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01.07.2018 | Original Article | Ausgabe 3/2019

Clinical Oral Investigations 3/2019

Analysis of blood supply in the hard palate and maxillary tuberosity—clinical implications for flap design and soft tissue graft harvesting (a human cadaver study)

Clinical Oral Investigations > Ausgabe 3/2019
Arvin Shahbazi, András Grimm, Georg Feigl, Gábor Gerber, Andrea Dorottya Székely, Bálint Molnár, Péter Windisch
Wichtige Hinweise
Bálint Molnár and Péter Windisch contributed equally to this work.



The aim of the present study is to provide a detailed macroscopic mapping of the palatal and tuberal blood supply applying anatomical methods and studying specific anastomoses to bridge the gap between basic structural and empirical clinical knowledge.

Materials and methods

Ten cadavers (three dentate, seven edentulous) have been prepared for this study in the Department of Anatomy, Semmelweis University, Budapest, Hungary, and in the Department of Anatomy of the Medical University of Graz. All cadavers were fixed with Thiel’s solution. For the macroscopic analysis of the blood vessels supplying the palatal mucosa, corrosion casting in four cadavers and latex milk injection in other six cadavers were performed.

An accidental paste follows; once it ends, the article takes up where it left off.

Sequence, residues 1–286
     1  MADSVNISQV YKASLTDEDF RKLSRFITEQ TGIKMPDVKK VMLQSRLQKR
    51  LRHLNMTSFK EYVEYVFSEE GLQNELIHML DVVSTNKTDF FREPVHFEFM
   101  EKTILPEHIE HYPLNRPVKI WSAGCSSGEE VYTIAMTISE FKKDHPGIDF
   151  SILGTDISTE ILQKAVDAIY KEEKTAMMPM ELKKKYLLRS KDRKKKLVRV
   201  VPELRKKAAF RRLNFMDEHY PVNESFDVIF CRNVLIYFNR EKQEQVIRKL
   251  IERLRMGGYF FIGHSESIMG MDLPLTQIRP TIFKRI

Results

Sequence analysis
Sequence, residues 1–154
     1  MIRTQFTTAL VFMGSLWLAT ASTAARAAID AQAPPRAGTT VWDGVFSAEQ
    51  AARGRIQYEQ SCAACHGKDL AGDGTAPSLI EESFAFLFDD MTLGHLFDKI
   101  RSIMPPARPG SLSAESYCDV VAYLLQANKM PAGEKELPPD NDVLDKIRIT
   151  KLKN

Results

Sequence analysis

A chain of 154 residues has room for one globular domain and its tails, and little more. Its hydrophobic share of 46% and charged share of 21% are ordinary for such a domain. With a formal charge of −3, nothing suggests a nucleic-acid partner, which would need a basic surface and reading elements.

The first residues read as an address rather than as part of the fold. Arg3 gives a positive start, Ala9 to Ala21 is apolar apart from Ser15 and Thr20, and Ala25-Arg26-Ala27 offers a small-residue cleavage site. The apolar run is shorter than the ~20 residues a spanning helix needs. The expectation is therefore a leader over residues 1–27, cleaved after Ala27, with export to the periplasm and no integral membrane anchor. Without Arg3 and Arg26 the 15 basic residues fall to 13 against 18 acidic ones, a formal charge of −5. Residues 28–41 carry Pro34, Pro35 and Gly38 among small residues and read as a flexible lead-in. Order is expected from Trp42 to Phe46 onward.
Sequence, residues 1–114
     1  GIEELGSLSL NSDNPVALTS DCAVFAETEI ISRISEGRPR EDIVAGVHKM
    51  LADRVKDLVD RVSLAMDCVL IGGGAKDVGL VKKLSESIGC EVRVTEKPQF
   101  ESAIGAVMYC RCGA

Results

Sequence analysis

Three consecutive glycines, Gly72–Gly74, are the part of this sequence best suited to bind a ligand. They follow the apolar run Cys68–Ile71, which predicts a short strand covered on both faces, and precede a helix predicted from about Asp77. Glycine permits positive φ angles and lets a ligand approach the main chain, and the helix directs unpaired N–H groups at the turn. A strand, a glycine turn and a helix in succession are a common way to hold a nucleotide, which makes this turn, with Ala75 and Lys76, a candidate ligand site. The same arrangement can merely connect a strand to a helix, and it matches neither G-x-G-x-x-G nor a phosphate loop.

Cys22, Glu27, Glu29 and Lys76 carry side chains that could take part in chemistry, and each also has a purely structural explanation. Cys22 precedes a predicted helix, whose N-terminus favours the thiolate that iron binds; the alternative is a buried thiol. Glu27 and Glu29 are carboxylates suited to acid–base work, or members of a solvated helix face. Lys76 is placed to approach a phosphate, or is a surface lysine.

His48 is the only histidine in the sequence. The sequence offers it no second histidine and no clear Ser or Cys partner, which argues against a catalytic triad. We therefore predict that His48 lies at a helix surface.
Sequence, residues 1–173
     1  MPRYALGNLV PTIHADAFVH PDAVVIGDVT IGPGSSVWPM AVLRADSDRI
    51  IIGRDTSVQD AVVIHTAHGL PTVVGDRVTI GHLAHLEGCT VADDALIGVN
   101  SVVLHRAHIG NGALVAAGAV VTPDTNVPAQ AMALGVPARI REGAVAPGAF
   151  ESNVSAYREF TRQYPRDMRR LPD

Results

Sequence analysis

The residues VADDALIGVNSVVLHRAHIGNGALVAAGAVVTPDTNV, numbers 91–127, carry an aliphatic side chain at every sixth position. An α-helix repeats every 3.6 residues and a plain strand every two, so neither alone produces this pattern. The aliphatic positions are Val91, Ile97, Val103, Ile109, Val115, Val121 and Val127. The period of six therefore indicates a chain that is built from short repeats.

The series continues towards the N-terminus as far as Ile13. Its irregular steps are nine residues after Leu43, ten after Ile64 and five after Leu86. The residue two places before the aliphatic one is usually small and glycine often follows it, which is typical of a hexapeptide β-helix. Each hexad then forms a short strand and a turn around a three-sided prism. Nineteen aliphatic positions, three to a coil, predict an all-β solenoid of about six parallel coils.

We recorded major- and secondary branches of the greater palatine artery (GPA) and its relation to the palatine spine, different anastomoses with the nasopalatine artery (NPA), and lesser palatal artery (LPA) as well as with contralateral branches of the GPA. Penetrating intraosseous branches at the premolar-canine area were also detected. In edentulous patients, the GPA developed a curvy pathway in the premolar area. The blood supply around the maxillary tuberosity was also presented.


The combination of different staining methods has shed light to findings with relevance to palatal blood supply, offering a powerful tool for the design and execution of surgical interventions involving the hard palate.

Clinical relevance

The present study provides clinicians with a good basis to understand the anatomical background of palatal and tuberal blood supply. This might enable clinicians to design optimized incision- and flap designs. As a result, the risk of intraoperative bleeding and postoperative wound healing complications related to impaired blood supply can be minimized.

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